Christian Kuras received his MFA from Concordia in 2002 and since then has had solo exhibitions at the New Gallery, Calgary; Latitude 43, Edmonton; AKA Gallery, Saskatoon; Struts Gallery, Sackville; and Forest City Gallery, London ON. His works have been exhibited across Canada and in the UK. He currently lives and works in London, UK.
April 30–June 4, 2005
Christian Kuras is a Canadian artist living in London, UK whose work proceeds by a circularity of sorts. Reflecting a disjunctive experience of relating to the world of individuals and machines, Kuras finds interest in the paradoxical division between interior and exterior worlds. Like a membrane that contains, yet must remain porous to thrive, Kuras’ interior worlds must be permeable to communicate. Kuras’ projects often thwart communication by creating non-permeable containment: closed circuits and contained voices. The result is a frustrated presence, a circularity that must be suppressed for the illusion of forwardness to perpetuate.
The centrepiece of Kuras’ installation is Drone, a mute anti-surround sound circle of megaphones that hang at ear level. Suggesting directional orders or commands reminiscent of protests and rallies (both on the side of protest and the side of the law), the megaphones in the work suggest the voice is an instrument of power. In configuring the megaphones in a loop, Kuras has created a closed circuit that in fact removes the voice from the equation.
The self-contained circularity of the megaphone project works in conjunction with a photographic work of a four-armed turntable, 4 Time. By altering the functionality of the turntable Kuras examines the ramifications of the would-be indecipherable sound produced from the circuit and its altered power of multiplied but ineffectual voices. Approaching communication and control as a myth, Kuras’ works pursue an articulation of the disconnection between the closed loop of one’s own mind and how those thoughts are conveyed to an outside world.
This exhibition is conceived of as the second in a two part series that takes the mixing of music and video as a starting point. Following the thematics of Kevin Hanley’s exhibition, Kuras manipulates visual imagery through a relationship to the treatment of sound. Hanley’s suspension of action and conflated viewpoints sets up a dialogue with Kuras’ examinations into the hearing and seeing of sound.
March 19–April 23, 2005
Kevin Hanley is a Los Angeles-based artist whose practice includes video, photography, performance and sound. Engaging with the slippery relationship between time, memory and reason, Hanley is best known for structural studies in which he eliminates linear narrative. His humorous investigations into the mechanics of media toy with imagery by distorting the functions of space, movement, sound, context and color to create new perspectives.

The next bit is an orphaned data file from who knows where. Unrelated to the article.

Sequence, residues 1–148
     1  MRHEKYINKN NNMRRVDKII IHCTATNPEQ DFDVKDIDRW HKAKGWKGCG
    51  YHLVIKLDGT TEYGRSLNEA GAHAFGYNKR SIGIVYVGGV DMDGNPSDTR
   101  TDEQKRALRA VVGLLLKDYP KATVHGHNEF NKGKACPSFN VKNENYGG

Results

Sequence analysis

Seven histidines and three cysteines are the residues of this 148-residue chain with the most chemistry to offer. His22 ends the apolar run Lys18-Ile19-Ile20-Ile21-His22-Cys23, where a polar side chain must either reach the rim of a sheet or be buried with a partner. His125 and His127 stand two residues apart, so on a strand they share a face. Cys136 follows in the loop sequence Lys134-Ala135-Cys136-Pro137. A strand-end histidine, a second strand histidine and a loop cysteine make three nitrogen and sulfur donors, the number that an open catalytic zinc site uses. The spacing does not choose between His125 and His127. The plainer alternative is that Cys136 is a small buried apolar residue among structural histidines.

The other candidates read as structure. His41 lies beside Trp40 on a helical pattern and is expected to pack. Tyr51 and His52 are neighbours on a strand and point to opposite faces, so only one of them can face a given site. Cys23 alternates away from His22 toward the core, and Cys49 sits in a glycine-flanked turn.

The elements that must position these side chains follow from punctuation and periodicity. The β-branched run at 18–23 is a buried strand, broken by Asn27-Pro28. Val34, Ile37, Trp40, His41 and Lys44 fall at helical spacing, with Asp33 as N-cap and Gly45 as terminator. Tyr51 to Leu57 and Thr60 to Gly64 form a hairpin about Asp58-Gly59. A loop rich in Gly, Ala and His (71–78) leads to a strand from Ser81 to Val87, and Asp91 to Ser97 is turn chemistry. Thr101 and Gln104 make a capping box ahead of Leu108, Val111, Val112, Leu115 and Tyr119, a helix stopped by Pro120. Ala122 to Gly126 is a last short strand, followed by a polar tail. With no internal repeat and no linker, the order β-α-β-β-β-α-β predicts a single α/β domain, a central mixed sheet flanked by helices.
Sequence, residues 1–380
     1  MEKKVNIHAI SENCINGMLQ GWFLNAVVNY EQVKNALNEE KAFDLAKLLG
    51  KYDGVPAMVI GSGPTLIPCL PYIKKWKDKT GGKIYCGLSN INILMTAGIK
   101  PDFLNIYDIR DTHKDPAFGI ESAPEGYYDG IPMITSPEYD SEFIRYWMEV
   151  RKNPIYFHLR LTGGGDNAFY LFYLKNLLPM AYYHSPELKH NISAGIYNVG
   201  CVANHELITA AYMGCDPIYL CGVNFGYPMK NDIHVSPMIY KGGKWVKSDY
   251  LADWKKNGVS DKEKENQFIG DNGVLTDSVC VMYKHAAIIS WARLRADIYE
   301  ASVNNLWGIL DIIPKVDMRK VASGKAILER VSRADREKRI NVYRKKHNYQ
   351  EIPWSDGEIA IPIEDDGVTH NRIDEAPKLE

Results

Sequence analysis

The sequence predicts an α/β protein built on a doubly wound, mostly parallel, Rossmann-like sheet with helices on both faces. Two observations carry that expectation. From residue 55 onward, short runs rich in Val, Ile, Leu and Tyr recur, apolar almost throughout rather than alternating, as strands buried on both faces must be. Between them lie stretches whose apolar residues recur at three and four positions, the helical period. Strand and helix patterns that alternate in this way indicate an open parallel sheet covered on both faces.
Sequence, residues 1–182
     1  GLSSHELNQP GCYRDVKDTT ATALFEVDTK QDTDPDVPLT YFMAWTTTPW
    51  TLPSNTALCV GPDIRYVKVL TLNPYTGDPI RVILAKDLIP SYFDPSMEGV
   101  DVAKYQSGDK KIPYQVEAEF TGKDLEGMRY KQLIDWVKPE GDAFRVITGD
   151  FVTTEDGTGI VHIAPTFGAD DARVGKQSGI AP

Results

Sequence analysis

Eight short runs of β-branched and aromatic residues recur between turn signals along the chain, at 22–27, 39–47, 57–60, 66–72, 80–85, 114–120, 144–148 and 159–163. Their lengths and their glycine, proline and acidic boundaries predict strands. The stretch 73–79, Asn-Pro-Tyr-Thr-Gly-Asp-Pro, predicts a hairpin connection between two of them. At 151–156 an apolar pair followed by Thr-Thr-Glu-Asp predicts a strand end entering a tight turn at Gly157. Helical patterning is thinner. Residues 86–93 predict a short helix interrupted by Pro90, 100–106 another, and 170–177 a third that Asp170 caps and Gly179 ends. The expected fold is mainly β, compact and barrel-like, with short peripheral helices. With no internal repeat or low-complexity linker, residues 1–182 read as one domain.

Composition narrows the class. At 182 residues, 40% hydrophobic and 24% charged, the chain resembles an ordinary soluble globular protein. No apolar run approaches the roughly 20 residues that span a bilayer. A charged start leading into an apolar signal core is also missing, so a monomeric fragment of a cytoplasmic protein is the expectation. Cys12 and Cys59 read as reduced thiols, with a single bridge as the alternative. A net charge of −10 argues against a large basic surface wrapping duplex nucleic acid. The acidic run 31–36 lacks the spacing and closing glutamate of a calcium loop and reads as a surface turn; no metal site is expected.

Threesixty is a lifesize video installation of a skateboarder doing a 360 degree turn while cameras shoot him from four angles. The footage is edited so that the skater, while turning, appears to stay still while the room turns around him. The result is a collapse of linearity and a presentation of an impossible view (a view not possible from the subjective position of the skateboarder or cameras, only available to the viewer of the video installation). Hanley draws a parallel between music DJing techniques and his visual work with an interest in the writing and reading of the record (according to Adorno, the record’s message is ‘simultaneously fixed and hidden’, delivering an abstract indexical writing contained within the groove). Accordingly, in the video work Re-counting a Dancing Man, Hanley manually moves the footage of a store-bought Fred Astaire dance performance giving it the appearance of jumping forward and back akin to a DJ’s record scratching.
Threesixty is the first in a two part series that takes the mixing of music and video as a starting point. Hanely’s exhibition, his first in Canada, is followed by the work of London artist Christian Kuras who also manipulates visual imagery through a relationship to the treatment of sound. Hanley’s suspension of action and conflated viewpoints sets up a dialogue with Kuras’ work that examines the hearing and seeing of looped sound to reflect upon a self-contained circularity of power.
April 30, 2005
Artist’s talk presented in conjunction with the exhibition, Drone.
Title: Correlated Rotations
Category: Exhibition Catalogue
Artist: Brady Cranfield, Kevin Hanley, Christian Kuras, Tim Lee
Writers: Tim Lee
Design: Julian Gosper
Year published: 2005
Binding: Three-panel Foldout
Features: 3 colour images, 7’’ vinyl record by Brady Cranfield
Dimensions: 18.5 x 18.5 x 0.5 cm
Weight: 113 g
Price: $20 CDN